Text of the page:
Virginia State Tax Guide

State tax rates and rules for income, sales, property, fuel, cigarette, and other taxes that impact Virginia residents.

Bottom Line

Middle-Class Families: Mixed Tax Picture (Go to the Kiplinger Tax Map for Middle-Class Families)

Retirees: Tax-Friendly (Go to the Kiplinger Tax Map for Retirees)

All-in-all, Virginia offers a fair to good environment when it comes to taxes. Income taxes in the Old Dominion can be a bit higher than the national average for some residents.

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However, sales tax rates in the state are lower than in most other states. Virginia's average combined state and local rate of 5.75% is the 11th-lowest in the nation. The statewide median property tax rate is below average, too.

Virginia Income Taxes

Virginia Income Tax Range

Low: 2% (on up to $3,000 of taxable income)

High: 5.75% (on taxable income over $17,000)

Virginia Taxation of Social Security Benefits

Social Security benefits are not taxed by the state.

Virginia Tax Breaks for Other Retirement Income

Income from a retirement plan may be deductible if contributions to the plan were previously taxed in another state.

In addition, taxpayers age 65 and older can claim a deduction of up to $12,000. For taxpayers born after January 1, 1939, the deduction is completely phased-out for single taxpayers with a modified adjusted gross income of $62,000 or more and married taxpayers with a modified AGI of $87,000 or more.

Beginning in 2022, veterans 55 years of age and older can deduct up to $10,000 of military retirement income and other military benefits. The deduction is increased to $20,000 for 2023, $30,000 for 2024, and $40,000 for 2025 and thereafter. Congressional Medal of Honor recipients can exclude all income from a military retirement plan.

Railroad Retirement benefits are also exempt.

Virginia Sales Tax

5.3% state levy, which includes a 1% tax allocated to local governments. Some local governments also impose additional taxes of up to 1.7%, making the average combined state and local rate 5.75%, according to the Tax Foundation.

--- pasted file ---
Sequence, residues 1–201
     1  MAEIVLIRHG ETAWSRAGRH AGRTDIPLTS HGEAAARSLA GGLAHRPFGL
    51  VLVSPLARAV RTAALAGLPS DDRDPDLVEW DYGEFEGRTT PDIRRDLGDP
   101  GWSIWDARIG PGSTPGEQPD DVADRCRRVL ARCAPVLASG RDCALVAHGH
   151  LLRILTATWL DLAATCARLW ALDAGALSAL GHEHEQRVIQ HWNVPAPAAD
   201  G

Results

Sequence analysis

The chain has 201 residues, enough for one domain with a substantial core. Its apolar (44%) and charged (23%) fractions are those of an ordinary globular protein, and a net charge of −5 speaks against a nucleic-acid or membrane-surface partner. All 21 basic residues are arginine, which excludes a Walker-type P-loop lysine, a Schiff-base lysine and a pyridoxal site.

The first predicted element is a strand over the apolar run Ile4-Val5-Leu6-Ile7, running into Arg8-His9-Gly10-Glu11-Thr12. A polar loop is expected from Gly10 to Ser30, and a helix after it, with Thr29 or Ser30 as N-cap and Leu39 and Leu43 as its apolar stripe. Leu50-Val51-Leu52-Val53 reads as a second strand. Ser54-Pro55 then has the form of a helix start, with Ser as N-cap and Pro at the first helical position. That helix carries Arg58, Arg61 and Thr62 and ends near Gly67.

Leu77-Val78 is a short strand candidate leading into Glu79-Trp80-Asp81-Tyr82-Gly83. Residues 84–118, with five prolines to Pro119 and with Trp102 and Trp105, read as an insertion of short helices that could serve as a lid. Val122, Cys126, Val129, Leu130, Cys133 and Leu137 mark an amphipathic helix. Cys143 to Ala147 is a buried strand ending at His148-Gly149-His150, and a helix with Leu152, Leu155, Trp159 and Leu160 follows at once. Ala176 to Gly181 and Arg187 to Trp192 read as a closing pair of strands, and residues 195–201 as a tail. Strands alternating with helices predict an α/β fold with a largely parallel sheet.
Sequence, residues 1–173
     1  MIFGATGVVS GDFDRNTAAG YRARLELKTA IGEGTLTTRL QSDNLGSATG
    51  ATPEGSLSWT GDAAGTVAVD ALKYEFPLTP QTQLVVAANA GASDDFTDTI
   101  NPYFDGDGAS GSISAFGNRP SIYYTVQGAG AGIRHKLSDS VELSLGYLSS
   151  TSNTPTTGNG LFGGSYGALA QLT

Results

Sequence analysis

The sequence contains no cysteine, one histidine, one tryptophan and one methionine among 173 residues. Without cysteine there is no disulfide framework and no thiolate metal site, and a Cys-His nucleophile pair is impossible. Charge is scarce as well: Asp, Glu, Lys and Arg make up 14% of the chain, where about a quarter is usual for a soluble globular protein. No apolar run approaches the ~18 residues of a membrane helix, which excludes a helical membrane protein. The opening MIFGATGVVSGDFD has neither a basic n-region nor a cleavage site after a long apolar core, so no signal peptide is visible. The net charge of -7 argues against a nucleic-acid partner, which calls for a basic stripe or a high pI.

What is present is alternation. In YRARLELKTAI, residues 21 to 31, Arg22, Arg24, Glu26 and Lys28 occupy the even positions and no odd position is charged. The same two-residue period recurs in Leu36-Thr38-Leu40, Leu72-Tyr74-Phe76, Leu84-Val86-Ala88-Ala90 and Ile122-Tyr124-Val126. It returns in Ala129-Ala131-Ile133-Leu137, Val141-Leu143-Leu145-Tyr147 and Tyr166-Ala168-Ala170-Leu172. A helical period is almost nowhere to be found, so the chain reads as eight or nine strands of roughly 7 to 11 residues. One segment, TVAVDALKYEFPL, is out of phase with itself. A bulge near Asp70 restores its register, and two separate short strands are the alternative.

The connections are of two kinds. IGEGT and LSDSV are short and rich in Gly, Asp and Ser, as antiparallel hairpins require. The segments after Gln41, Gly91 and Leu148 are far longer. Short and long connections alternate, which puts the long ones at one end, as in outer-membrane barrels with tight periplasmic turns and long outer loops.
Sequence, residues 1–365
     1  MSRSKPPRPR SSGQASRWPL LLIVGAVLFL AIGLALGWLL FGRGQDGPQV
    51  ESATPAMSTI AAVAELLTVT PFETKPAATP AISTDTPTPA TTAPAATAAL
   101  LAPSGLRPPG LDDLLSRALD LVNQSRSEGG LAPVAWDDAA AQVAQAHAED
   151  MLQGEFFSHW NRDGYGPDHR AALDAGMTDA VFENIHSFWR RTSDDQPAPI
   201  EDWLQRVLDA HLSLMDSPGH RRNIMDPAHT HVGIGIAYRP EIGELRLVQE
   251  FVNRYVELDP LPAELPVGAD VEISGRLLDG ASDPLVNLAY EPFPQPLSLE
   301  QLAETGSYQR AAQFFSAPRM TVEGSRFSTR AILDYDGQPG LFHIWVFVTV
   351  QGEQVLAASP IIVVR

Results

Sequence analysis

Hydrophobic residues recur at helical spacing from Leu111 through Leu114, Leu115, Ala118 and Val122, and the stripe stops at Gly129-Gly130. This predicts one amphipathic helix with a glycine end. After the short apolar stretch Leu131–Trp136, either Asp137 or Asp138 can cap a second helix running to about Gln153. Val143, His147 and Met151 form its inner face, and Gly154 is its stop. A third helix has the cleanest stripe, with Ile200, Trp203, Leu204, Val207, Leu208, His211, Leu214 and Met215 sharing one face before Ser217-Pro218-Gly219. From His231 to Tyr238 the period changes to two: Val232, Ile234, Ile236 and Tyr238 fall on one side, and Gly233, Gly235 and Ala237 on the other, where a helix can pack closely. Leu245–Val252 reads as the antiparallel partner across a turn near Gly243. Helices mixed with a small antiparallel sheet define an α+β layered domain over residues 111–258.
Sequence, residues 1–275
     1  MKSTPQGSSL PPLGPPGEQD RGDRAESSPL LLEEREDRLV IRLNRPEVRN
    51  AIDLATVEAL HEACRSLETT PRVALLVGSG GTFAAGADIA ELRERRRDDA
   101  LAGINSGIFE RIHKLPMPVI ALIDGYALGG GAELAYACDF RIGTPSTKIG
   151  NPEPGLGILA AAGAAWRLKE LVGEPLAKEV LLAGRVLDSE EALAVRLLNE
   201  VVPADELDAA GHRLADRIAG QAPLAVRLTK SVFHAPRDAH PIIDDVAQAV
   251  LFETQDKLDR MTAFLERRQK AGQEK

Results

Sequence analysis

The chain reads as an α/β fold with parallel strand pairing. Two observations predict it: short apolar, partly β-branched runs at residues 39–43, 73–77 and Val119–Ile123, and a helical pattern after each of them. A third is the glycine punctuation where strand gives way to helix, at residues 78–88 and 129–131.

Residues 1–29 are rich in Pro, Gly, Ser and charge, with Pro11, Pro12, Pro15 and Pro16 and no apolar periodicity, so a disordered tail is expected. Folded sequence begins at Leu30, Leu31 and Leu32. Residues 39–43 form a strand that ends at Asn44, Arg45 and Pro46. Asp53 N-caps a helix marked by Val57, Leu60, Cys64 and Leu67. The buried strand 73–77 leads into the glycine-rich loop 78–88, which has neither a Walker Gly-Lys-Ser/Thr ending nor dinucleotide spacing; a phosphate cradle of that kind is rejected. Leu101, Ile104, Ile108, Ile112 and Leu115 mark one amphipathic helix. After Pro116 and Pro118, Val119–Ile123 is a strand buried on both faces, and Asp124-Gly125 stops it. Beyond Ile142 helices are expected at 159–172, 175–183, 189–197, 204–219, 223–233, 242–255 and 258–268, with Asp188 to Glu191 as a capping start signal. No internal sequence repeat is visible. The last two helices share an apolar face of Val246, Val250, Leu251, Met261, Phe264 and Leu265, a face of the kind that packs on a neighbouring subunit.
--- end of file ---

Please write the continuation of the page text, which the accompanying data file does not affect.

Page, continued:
• Groceries: Taxable (0% state rate; local rates may apply)
  • Clothing: Taxable
  • Motor Vehicles: Exempt from ordinary sales tax, but taxable under special 4.15% excise tax.
  • Prescription Drugs: Exempt

Virginia Real Property Taxes

In Virginia, the median property tax rate is $752 per $100,000 of assessed home value.

Virginia Property Tax Breaks for Retirees

A county, city, or town may enact a program for senior citizens and disabled persons allowing for exemption, deferral or a combination of both for property taxes on homes owned and occupied as the sole dwelling of a person 65 or older. Annual family income is generally limited to $50,000 to qualify for a program, but it may be higher in certain Northern Virginia communities. In addition to annual family income limits, net worth limits may apply. There are no adjustments at the state level.

Virginia Motor Fuel Taxes

Gasoline: 34.4¢ per gallon (36.2¢ per gallon effective July 1, 2022).

Diesel: 35.3¢ per gallon (37.2¢ per gallon effective July 1, 2022).

Virginia Sin Taxes

Cigarettes: $0.60 per pack (additional local taxes may also apply)

Moist snuff: $0.36 per ounce

Heated tobacco products: $0.0225 per stick

Other tobacco products: 20% of the manufacturer's price, except "roll-your-own tobacco," which is 10%

Vapor products: $0.066 per ml

Beer: $0.26 per gallon

Wine: $1.51 per gallon

Liquor: $19.89 per gallon (the liquor tax is an estimate by the Distilled Spirits Council of the United States and published by the Tax Foundation)

Marijuana: Effective July 1, 2023, 21% excise tax on retail sales, plus state and local sales tax; 3% local tax may also apply

Virginia Estate and Inheritance Taxes

No estate or inheritance tax.

Rocky Mengle
Senior Tax Editor,

Rocky was a Senior Tax Editor for Kiplinger from October 2018 to January 2023. He has more than 20 years of experience covering federal and state tax developments. Before coming to Kiplinger, he worked for Wolters Kluwer Tax & Accounting and Kleinrock Publishing, where he provided breaking news and guidance for CPAs, tax attorneys, and other tax professionals. He has also been quoted as an expert by USA Today, Forbes, U.S. News & World Report, Reuters, Accounting Today, and other media outlets. Rocky has a law degree from the University of Connecticut and a B.A. in History from Salisbury University.